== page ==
In case you missed it over the long weekend The New York Times’ look at education technology deserves reading. On a positive note, it’s great to see some classrooms addressing the need for combining technology (gadgets) and support services (instruction, project-based learning activities,) rather than just distributing laptops and expecting to see results. ”The digital push here aims to go far beyond gadgets to transform the very nature of the classroom, turning the teacher into a guide instead of a lecturer, wandering among students who learn at their own pace on Internet-connected devices.”
But isn’t the bigger issue instructional quality and the assessments we use?
While the Matt Richtel touches on the point of the ‘teacher as a guide,’ he fails to emphasize the deeper, well-established lesson that instructional quality matters. I believe that schools/districts that focus on the combination of technology and support will see the results this article laments are absent. But are results really absent?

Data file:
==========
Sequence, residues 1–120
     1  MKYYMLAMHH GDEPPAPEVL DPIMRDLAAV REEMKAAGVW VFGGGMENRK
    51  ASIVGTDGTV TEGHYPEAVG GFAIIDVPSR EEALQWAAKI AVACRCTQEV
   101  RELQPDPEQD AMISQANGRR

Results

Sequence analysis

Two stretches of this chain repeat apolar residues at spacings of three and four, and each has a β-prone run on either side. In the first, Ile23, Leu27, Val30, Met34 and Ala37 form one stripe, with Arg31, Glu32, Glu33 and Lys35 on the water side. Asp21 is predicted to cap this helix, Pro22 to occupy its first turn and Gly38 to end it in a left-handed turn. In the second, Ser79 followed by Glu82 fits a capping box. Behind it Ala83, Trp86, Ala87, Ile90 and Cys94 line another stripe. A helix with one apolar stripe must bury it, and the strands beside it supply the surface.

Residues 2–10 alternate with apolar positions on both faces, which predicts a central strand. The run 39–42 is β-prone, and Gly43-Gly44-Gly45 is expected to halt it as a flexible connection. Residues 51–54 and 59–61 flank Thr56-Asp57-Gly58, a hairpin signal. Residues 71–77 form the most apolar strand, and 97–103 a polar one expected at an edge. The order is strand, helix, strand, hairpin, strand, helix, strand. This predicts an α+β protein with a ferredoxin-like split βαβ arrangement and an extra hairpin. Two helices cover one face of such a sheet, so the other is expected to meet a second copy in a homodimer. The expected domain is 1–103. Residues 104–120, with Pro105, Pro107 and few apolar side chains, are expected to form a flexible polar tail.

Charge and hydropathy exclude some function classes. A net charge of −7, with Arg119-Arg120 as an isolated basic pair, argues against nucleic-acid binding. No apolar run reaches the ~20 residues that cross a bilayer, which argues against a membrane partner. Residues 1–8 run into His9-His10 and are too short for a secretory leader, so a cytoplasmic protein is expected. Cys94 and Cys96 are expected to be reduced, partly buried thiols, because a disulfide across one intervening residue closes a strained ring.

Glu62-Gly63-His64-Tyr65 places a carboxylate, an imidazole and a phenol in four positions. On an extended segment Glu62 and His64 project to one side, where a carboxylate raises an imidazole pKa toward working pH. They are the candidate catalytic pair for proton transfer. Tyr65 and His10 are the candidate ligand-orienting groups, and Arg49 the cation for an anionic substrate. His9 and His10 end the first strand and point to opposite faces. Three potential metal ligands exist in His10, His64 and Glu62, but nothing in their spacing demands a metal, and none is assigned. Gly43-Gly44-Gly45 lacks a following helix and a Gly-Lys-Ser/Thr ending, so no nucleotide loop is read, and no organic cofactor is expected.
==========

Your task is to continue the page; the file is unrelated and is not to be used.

The larger issue here are the assessments themselves. Many of the learning gains, “learning to use the Internet to research, learning to organize their work, learning to use professional writing tools, learning to collaborate with others,” as well as student engagement, are not captured in the current metrics, but significantly impact long term academic success. Once we improve assessments to address the whole child, all the pieces of this puzzle will come together.
Wow! Kudos to Cathy Davidson for so clearly articulating the point around the archaic assessment systems we are using to measure student achievement and the impact of technology in schools.
“It is not the test scores that are stagnant. It is the tests themselves. We need a better, more interactive, more comprehensive, and accurate way of testing how kids think, how they learn, how they create, how the browse the Web and find knowledge, how they synthesize it and apply it to the world they live in. “
I highly recommend reading the full response.